Everyone’s a Winner at The Big Pitch
We recount the top stories from Tuesday’s energetic event, which provided some brilliant pitching and a number of winners, not least the Australian startup scene.
The night got off to an energetic start, with an eclectic crowd gathering and socialising in Fed Square – a few impromptu elevator pitches could be heard over the electric buzz. After some time meeting the competition’s sponsors, the audience took their seats and Newsmodo’s founder and CEO, Rakhal Ebeli, opened proceedings.
It didn’t take long for great quality to show itself.
Online retail startup Bluesky kicked off with a confident pitch from founder David Mah. With the startup already counting major brands as clients, and delivering the pitch with great posture, non-stop energy and a few dramatic pauses, Mah made a convincing case for their place in the final. Questions were tough, as could be expected from the illustrious judging panel, but the Bluesky CEO was up to the task, responding with thought-out, solid points.
Next up was WeTeachMe – a combined management tool and sales channel for class and event conveners. They were ably fronted by founder Kym Huynh, whose pitching skill came proven by a second place at StartupSmart’s ‘So you think you can Start-up” pitch competition. Some compelling figures and good traction set the tone, but the judges pulled no punches, grilling Kym on retention. He was unfazed, coming back with figures to back the claims.
ECAL pitched their calendar-based marketing alternative with the sort of composure that suggested they’d done this before. That theory was only confirmed by the way their founder, Patrick Barrett, fielded the panel’s questions.
Gaming enthusiasts had something to cheer about when Black Delta founder Zach Griffin wowed the panel with a visceral presentation of the game. Some memorable lines came from the pitch including this impactful statement: “If you’re fast in real life, you’ll be fast at KartSim.” Questions broached the subject of the hit and miss nature of the game industry, but Griffin handled them admirably.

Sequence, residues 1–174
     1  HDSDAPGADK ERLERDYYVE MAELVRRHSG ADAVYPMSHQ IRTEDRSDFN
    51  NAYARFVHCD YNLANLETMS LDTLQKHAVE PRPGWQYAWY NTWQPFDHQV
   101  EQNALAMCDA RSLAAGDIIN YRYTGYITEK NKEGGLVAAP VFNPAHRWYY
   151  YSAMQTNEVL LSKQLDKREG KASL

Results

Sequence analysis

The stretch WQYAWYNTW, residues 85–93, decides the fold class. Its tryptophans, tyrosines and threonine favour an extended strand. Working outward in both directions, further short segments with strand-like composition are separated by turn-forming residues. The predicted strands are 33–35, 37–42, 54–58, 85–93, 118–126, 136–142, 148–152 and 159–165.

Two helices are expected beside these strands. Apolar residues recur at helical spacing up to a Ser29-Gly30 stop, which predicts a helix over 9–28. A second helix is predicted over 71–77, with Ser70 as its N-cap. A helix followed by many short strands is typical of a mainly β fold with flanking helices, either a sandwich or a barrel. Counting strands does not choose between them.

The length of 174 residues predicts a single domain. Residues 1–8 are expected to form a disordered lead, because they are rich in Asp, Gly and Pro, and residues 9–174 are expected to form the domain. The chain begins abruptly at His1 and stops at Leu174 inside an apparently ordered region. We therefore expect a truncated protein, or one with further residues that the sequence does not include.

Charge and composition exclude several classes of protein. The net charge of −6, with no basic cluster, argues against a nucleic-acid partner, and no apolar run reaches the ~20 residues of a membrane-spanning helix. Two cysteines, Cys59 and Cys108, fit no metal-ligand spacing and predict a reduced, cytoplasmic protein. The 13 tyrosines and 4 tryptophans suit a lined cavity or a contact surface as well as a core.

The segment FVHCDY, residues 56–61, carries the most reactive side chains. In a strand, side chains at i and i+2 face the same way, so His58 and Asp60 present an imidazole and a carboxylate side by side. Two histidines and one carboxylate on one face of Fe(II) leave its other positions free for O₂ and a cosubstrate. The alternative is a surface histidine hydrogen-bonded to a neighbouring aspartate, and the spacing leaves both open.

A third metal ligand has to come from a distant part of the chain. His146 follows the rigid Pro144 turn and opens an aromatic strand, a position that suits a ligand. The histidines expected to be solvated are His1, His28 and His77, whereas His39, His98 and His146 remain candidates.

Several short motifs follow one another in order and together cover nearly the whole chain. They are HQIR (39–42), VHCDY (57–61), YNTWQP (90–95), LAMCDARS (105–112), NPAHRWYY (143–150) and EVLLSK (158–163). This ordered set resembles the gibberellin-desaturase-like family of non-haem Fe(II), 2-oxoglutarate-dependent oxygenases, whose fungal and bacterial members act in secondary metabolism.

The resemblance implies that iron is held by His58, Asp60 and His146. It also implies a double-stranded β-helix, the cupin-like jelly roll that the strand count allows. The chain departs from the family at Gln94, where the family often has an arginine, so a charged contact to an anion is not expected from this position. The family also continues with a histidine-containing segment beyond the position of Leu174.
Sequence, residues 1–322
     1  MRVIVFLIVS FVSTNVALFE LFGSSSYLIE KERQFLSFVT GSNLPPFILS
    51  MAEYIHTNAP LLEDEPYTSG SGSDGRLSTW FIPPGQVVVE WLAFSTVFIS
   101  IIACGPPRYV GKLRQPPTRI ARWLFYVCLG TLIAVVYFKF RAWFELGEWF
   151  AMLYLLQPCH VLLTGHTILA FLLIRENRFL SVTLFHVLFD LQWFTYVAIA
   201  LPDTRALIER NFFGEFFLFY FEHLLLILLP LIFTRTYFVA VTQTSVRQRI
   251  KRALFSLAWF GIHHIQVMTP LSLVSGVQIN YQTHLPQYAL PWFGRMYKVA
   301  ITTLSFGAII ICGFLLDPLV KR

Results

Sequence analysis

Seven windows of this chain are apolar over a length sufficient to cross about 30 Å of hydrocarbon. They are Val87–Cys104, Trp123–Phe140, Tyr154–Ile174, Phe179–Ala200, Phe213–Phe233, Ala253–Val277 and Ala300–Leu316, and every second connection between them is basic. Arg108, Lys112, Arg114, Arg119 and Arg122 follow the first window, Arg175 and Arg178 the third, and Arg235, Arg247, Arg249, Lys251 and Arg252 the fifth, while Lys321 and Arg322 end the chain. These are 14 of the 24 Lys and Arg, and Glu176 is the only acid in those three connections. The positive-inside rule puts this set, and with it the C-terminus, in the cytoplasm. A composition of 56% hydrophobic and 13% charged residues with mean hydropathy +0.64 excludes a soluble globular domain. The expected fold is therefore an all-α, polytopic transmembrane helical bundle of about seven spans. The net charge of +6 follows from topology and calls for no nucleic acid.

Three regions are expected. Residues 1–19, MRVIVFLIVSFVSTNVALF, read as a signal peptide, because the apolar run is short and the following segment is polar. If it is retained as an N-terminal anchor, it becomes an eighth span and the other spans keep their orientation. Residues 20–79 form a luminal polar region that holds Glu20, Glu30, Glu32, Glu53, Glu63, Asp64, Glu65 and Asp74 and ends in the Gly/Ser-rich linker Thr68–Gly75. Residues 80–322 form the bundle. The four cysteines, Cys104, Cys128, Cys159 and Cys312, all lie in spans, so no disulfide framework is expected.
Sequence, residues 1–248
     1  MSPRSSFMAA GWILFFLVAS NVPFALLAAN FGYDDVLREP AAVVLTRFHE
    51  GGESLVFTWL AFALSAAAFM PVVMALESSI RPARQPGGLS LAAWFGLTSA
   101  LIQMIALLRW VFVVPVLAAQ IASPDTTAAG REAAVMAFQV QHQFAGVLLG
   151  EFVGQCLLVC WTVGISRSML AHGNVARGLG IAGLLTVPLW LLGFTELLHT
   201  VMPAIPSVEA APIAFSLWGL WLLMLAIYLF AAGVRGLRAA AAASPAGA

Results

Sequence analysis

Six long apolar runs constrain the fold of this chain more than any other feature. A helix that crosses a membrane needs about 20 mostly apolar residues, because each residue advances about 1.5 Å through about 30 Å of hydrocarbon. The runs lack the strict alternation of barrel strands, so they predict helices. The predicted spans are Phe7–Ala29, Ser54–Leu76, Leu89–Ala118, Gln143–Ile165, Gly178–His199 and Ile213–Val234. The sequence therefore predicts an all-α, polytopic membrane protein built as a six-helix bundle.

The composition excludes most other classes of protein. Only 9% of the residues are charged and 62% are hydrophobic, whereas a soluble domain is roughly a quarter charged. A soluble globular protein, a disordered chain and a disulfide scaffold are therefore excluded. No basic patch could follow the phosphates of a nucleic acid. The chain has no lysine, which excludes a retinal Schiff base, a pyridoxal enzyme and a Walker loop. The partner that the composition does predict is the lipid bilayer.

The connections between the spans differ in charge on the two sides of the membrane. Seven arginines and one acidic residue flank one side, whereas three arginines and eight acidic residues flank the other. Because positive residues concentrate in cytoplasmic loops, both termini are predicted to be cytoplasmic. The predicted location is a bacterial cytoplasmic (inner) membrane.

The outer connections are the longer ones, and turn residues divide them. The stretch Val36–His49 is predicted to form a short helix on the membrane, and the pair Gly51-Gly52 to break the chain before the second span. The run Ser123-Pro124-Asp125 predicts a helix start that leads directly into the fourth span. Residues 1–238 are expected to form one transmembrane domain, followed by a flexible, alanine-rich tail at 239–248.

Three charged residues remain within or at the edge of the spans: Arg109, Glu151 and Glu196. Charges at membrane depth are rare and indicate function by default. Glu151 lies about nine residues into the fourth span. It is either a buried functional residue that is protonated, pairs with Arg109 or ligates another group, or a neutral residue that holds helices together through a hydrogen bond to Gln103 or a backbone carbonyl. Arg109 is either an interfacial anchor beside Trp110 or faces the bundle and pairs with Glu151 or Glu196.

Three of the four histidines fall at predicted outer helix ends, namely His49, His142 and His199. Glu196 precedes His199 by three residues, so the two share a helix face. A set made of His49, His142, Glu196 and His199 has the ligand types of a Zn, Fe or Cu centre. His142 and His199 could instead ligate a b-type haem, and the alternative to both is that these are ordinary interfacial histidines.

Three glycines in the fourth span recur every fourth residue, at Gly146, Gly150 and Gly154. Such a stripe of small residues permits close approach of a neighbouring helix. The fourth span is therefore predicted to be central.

Last to take to the stage was Etaskr. An online task management startup with an interesting product, they must have been feeling the pressure after the amazing pitches that preceded them. It didn’t show. David Chung took to the stage in style to coolly deliver a great pitch. After battling back against questions on customer acquisition efforts, he escaped the intimidating arena of the prominent Deakin Edge stage unscathed.
So who won? On the night, ECAL walked away with pre-termsheets signed for $2.5m in funding, and WeTeachMe secured $2m. Black Delta won a great package of sponsored prizes as they collected the People’s Choice Award. But that was just the start. The real winner on the night was the Australian startup scene, with the first real showing of financial support and placing a marker for pitch events and investors to beat.
Incredibly, Ilya Frolov, Oxygen Ventures’ Investment Director said the standard on the night was so high, they could go on to provide funding and support for each and every pitching startup, pending terms: "We're in very close talks with the three other talented finalists as potential investment opportunities for our portfolio."
Startups also profit the learnings of the night, finding a newfound appreciation of their own strengths and weaknesses as a result of an uncompromising panel of business leaders. On top of all that, the night has also provided a great opportunity for increased exposure, featuring in nationwide TV and press coverage. Now that’s a night to remember, and we’re hoping it’s the first of many for Australia’s excellent startup scene.